Yet at the same time it is recognized that a formal commitment to culture and cultural diversity does not always translate into effective policy. Difficult questions about the paradoxical relationship between cultural diversity and social cohesion is one example of the complexity policy-makers face when seeking to turn political commitment into social reality. Contributing to this particular paradox is a complex array of tensions between unity and diversity, between individuals and the group, and between migrant communities and the wider society to which they belong. The ongoing debates in a number of countries over so-called multiculturalism policies clearly illustrate the need for a carefully crafted understanding of intercultural dialogue from different but interconnected perspectives.
In a nutshell, through informed debates underpinned by a variety of nuanced perspectives, brought by world‟s top leaders, innovators and change-makers, the Doha Forum is expected to raise key questions on how to energize development through a culture of peace and dialogue among all civilizations.
With the wave of changes occurring in the Middle East in particular, but also with respect to the shifts around the world more generally, the Doha Forum will help build a strong, more unified global society that addresses the world‟s acute problems. Building upon evidence through the stories of people, successful cases and failures, the debates in Doha will help to create a strong vision of the positive impact of culture and diversity on development.
Through its results-oriented and integrated approach the Doha Forum is expected to shape a process that will lead to a two-edged turning point: generate renewed political commitment and determination to collectively advance and strengthen the UNAOC agenda; and enhance the global partnership for
peace and development by endorsing a number of concrete UNAOC targets that meet grass-roots needs and expectations which will help achieve the MDGs.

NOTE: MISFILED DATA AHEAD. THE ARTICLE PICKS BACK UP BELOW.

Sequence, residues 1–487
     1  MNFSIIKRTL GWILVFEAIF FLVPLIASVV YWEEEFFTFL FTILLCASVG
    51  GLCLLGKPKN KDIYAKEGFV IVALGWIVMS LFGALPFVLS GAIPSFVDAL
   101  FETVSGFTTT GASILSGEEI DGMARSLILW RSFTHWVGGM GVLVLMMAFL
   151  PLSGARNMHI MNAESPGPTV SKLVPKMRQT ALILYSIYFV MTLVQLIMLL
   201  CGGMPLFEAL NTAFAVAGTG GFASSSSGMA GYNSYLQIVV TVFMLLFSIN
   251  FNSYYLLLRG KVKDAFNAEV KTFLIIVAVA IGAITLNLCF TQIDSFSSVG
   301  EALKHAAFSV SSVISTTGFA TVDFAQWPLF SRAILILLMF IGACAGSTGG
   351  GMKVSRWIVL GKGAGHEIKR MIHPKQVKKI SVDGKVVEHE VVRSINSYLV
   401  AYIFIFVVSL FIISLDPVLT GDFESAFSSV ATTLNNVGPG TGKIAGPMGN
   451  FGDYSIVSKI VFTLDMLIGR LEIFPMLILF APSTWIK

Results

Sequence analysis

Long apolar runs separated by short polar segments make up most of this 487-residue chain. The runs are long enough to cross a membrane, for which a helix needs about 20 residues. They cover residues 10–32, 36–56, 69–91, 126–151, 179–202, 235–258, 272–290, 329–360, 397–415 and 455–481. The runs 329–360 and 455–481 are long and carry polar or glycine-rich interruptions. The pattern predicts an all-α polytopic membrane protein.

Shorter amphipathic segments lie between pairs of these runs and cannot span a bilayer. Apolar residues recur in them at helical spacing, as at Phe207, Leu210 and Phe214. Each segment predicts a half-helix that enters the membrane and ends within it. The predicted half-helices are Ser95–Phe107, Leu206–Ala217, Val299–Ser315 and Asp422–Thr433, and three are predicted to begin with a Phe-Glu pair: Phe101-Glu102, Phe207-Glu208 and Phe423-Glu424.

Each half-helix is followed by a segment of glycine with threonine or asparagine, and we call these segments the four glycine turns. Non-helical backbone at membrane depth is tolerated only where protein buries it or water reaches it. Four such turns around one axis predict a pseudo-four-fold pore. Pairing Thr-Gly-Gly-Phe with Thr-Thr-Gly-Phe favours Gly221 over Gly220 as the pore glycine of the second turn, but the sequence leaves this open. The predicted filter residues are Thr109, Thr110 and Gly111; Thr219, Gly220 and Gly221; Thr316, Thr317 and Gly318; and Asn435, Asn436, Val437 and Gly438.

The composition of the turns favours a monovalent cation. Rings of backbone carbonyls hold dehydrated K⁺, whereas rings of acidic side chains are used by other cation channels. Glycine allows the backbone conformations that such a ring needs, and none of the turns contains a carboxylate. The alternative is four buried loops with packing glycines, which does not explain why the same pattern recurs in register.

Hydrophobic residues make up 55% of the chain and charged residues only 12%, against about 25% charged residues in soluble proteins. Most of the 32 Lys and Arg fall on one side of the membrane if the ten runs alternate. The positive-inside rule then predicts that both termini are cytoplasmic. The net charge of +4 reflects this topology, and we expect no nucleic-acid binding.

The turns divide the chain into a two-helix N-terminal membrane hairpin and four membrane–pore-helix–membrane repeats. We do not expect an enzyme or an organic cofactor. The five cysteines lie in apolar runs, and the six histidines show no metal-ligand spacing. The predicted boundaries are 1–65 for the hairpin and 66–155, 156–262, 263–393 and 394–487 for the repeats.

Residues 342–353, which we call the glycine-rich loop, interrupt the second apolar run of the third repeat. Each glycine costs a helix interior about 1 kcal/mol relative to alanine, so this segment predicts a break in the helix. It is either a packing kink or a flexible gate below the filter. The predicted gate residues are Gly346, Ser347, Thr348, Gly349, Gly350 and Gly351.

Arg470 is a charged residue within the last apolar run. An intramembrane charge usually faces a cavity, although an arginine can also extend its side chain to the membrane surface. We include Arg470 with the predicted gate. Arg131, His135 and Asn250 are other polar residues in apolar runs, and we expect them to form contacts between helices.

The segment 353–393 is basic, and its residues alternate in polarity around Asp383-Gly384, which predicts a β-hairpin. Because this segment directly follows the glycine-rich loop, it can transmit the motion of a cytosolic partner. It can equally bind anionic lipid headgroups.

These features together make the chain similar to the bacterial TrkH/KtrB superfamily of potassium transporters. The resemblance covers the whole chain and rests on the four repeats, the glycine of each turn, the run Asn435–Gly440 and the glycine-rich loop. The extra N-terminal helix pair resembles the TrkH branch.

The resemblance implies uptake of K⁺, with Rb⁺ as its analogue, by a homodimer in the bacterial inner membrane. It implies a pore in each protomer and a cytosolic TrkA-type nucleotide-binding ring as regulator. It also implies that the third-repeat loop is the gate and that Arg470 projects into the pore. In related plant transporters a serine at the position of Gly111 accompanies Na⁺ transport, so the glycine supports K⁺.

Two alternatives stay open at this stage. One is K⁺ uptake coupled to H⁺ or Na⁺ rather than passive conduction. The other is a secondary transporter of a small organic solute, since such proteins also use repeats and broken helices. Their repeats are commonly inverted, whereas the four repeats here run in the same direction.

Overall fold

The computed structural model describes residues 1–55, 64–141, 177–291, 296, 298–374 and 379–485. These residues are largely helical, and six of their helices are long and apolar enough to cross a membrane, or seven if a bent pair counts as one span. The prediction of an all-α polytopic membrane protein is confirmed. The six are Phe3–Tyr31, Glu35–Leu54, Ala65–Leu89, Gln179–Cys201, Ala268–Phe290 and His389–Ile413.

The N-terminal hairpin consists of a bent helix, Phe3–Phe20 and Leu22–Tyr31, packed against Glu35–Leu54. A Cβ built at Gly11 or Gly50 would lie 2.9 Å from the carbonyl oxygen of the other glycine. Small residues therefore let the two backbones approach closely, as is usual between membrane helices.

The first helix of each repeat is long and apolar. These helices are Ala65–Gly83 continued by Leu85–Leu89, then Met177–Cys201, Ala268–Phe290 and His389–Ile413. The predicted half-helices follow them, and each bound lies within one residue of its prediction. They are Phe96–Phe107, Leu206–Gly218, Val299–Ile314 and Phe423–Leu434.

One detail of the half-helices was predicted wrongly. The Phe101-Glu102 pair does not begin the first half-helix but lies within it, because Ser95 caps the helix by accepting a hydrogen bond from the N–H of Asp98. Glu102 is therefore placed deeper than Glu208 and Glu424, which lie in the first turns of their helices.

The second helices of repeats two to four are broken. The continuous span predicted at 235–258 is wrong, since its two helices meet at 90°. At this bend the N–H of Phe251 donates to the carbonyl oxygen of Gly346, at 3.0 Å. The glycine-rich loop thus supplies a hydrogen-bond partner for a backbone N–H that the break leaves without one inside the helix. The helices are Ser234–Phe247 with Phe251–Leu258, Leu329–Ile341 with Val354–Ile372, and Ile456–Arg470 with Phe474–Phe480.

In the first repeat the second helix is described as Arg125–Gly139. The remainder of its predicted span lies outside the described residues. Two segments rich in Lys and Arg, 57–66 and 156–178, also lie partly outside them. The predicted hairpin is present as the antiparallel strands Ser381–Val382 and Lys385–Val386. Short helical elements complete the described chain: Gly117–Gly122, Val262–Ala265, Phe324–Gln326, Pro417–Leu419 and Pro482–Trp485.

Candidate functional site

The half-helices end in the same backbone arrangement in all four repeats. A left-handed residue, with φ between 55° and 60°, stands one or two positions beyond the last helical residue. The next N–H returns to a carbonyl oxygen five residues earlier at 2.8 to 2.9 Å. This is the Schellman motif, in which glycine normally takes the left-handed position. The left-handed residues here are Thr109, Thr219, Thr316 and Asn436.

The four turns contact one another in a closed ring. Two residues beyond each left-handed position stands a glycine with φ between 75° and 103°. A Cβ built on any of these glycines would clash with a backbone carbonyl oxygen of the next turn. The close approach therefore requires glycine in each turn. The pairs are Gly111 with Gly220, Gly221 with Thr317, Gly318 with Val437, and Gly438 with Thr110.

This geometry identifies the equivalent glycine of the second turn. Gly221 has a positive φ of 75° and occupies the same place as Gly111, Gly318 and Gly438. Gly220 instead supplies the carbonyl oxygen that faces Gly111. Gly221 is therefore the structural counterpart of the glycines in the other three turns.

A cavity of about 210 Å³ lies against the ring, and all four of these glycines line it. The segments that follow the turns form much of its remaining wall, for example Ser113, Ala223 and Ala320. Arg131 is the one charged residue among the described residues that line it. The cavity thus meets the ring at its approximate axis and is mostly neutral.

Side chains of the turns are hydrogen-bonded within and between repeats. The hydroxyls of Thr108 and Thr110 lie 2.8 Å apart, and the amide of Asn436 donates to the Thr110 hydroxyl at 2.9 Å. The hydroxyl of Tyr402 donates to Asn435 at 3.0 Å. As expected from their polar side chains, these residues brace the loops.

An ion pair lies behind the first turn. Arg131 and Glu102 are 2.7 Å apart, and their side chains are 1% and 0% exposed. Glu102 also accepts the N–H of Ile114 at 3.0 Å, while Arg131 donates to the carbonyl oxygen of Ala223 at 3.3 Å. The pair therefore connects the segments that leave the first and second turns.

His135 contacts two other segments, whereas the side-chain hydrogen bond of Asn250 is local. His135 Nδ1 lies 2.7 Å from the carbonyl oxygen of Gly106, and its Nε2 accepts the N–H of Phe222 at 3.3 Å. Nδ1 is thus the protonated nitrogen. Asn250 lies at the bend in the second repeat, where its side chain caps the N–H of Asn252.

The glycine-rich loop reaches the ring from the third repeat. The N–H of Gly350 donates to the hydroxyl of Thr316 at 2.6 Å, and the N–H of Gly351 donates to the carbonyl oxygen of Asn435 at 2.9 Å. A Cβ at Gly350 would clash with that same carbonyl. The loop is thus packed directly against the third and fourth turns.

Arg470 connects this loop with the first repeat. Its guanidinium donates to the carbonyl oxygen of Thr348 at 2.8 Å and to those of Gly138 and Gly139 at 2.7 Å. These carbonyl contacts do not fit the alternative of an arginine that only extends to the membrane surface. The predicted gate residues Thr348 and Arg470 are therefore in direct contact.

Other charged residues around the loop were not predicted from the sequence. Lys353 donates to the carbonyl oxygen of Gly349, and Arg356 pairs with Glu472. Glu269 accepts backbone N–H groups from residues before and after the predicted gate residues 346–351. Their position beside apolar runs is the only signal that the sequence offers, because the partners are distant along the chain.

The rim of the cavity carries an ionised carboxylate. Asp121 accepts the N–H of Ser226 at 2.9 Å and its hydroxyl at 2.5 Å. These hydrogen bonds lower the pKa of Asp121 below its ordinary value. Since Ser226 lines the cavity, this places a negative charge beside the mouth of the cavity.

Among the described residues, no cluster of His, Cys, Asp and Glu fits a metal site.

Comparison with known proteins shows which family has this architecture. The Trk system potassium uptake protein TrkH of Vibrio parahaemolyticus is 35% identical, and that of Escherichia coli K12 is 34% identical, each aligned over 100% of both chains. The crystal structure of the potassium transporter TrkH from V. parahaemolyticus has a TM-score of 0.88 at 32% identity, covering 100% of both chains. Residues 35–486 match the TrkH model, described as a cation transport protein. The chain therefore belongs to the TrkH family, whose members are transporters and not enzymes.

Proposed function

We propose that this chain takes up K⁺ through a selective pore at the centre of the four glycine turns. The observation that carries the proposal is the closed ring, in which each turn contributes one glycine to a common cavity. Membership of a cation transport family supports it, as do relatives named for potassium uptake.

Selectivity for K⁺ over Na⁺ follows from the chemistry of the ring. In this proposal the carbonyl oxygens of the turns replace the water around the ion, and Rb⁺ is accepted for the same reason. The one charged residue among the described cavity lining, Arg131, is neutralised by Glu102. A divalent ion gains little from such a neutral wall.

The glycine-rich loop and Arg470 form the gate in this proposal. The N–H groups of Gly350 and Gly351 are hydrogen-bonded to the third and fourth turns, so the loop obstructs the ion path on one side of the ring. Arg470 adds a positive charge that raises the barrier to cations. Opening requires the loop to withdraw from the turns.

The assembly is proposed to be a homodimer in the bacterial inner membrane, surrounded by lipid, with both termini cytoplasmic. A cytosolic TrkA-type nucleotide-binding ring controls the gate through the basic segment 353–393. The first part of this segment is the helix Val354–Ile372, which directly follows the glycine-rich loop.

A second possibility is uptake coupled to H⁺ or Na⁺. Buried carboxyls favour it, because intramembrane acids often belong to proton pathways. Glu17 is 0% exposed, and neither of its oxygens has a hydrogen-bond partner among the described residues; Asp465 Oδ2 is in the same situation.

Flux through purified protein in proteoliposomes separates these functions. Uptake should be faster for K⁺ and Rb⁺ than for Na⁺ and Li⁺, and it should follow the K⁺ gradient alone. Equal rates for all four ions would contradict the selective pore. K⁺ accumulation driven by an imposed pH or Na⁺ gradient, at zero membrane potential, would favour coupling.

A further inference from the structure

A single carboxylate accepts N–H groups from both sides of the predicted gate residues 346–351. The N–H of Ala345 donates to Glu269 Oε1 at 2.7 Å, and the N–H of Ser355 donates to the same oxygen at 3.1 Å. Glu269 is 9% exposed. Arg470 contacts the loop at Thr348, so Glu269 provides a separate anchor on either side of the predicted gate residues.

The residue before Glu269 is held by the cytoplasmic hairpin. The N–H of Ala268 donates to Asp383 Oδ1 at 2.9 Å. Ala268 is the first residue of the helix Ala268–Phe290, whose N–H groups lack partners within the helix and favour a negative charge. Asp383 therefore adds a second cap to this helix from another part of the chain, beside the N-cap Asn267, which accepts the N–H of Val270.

Three Main Topics
To achieve the goals mentioned above, the Doha Forum will focus on three main topics. These topics will firstly be raised within plenary sessions which are the largest sessions of the Forum, designed to define and frame the Forum‟s agenda; afterwards the same topics will be examined in breakout sessions that drill down into issues presented in the preceding plenary sessions from the perspective of the four fields of action of the Alliance (education, youth, media and migration) and will assess opportunities for action focusing on how to execute commitments. In action network meetings participants will finally tackle very specific issues, generally a subtopic, and collaboratively will discuss opportunities for action with other members.
The three main topics of the Doha Forum are:
- How does cultural diversity matter in development?
- Promoting trust and tolerance to advance development goals
- New strategies for intercultural dialogue, understanding and cooperation
1. How does cultural diversity matter in development? The missing link
Global economic, social, cultural and political developments are shaping a seemingly borderless world where persons, capital, goods, services, ideas, knowledge and information move in varying degrees of freedom and at different paces/rates between countries and regions.
Looking more closely at today‟s global economy, two of its most remarkable aspects are the rapidly growing interaction among people around the world and the creation of faster, deeper and broader economic growth than at any other time in history. In some ways, this interconnectedness has brought us closer together and diminished our differences, creating openness and engagement. But it has also heightened awareness of our differences, generated defensive responses and in some cases fuelled conflicts in which cultural differences are used to divide and polarize populations. On the other hand, economic growth has also been accompanied by widening disparities, between rich and poor both between and within countries. When developmental gains run mainly along cultural lines, these economic divides may also serve to heighten existing cultural divides or even to open new lines of conflict within communities when elites benefit disproportionately at the expense of grassroots communities. Furthermore the global financial crisis, and the prospect of renewed recession, adds additional pressure on a range of societies struggling to remain stable – a trend and linkage that is well documented. With no immediate remedy in sight, this situation is also likely to lead to the further demise of social cohesion and to heightened cultural tension in vulnerable societies as social divisions harden in competition for scarce resources.